Wednesday, April 29, 2009

Pay attention

The recent Verizon Breach Report hammers home once again is that people are still not taking the basic, known steps to secure their systems.


I'm not sure what the cognitive breakdown is. Perhaps it's the human mind's tendency to be attracted to the new and different while ignoring the routine. My own experience in security work mirrors this. Whenever a new security initiative drops down from on high, for the first month or two, I see staff scurry about implementing the controls and following policy. Then after the shine wears off, an interesting phenomenon happens. It's not that they forget about security. In fact, they are still fixated on it. I hear things like "Well, we can't do Project XYZ. How would that affect our security?" "Oh, if you're going to build a new server, then we need to make sure it's in line with security plans." Being sarcastic or not, at least they're thinking about security. But I suspect it's not all sarcastic. I often see very long detailed project plans about how to secure some new esoteric service - often with meticulous lockdown steps enumerated for even the most unlikeliest of attacks.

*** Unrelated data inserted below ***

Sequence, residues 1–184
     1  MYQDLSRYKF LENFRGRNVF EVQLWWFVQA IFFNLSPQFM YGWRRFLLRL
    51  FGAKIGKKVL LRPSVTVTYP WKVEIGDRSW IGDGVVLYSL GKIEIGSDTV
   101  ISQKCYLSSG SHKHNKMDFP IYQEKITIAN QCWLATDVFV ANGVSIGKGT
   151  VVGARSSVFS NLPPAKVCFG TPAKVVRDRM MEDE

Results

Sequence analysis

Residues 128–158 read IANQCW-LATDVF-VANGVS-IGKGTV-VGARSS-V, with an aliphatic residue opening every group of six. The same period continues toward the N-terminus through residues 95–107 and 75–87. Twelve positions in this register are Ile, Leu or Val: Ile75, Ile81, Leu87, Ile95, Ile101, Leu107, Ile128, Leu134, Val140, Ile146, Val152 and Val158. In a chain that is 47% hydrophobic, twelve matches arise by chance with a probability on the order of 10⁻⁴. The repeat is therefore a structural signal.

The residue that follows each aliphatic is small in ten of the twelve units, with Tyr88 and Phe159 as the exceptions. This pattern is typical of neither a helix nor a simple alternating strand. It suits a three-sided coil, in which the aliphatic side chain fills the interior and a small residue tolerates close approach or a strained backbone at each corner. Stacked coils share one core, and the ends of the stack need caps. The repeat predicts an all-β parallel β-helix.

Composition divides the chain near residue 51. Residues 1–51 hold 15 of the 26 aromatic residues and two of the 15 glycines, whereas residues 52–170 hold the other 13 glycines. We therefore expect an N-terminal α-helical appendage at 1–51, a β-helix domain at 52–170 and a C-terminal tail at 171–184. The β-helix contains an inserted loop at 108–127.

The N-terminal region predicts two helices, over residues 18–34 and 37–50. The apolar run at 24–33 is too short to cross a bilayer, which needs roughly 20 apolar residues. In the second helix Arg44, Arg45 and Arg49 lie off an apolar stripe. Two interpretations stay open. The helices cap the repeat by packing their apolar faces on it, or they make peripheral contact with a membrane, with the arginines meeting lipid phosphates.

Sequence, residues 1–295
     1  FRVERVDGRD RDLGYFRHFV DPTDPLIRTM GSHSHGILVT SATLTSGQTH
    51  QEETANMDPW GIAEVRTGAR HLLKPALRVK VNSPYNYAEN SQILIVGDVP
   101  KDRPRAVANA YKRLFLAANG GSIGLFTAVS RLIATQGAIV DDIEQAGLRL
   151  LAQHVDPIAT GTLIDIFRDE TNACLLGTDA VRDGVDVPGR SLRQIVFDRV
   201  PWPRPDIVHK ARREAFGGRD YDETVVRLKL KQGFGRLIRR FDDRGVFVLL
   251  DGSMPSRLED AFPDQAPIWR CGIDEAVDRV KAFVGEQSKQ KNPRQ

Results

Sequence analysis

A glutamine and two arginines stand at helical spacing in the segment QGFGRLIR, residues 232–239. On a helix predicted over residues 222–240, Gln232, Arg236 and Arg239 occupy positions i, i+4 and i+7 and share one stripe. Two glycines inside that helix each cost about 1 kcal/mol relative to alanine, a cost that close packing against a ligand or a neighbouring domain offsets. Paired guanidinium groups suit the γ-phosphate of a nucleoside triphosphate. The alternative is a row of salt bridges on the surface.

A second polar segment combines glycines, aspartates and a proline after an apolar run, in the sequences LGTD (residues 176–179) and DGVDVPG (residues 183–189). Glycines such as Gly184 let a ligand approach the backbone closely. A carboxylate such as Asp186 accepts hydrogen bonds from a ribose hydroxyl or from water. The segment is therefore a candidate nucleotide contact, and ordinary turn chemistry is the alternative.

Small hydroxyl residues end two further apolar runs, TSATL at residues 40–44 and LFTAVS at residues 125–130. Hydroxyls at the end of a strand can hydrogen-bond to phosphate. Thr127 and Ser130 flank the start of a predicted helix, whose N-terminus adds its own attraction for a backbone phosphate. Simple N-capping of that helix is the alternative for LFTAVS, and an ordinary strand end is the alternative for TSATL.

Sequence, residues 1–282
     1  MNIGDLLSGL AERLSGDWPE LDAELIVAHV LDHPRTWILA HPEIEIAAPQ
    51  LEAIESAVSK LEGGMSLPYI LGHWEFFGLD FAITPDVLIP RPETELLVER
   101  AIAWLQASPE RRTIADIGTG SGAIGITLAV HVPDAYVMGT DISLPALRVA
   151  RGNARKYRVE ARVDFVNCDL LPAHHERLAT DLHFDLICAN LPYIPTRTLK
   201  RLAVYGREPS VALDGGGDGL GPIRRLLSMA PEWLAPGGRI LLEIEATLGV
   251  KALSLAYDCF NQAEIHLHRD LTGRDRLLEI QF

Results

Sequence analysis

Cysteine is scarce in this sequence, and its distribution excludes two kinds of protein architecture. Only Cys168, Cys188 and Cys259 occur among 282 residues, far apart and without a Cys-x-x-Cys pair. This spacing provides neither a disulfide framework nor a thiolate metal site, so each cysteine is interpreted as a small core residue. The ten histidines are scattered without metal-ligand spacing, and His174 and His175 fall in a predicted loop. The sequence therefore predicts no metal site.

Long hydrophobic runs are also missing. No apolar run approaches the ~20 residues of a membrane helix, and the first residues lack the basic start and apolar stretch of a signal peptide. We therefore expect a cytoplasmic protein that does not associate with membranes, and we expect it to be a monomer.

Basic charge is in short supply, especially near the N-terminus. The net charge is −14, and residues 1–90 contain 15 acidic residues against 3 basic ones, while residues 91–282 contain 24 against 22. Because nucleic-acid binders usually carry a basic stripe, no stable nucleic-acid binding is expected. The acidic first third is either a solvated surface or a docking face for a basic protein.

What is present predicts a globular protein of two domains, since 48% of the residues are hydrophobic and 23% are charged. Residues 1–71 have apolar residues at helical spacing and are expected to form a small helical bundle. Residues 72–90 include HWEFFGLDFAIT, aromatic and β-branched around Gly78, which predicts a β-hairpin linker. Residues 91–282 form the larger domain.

But of course, a quick check of basic processes finds that the same people who are bringing up security for every new initiative or system change are also getting sloppy with the daily routine things they're supposed to be doing. They're making extraneous firewall changes; they're using weak passwords; they're not patching; they're turning off logging to fix something and leaving them off; Oh, and they don't notice that because they're not reviewing logs either. They're busy and they'll get to all these things when they can. And then they forget.

The solution is often to install a massive administrative and technical compliance infrastructure to double-check everything that everyone is supposed to be doing. Assume the breach, even for the internal processes. Costly in time and money, but sometimes unavoidable.

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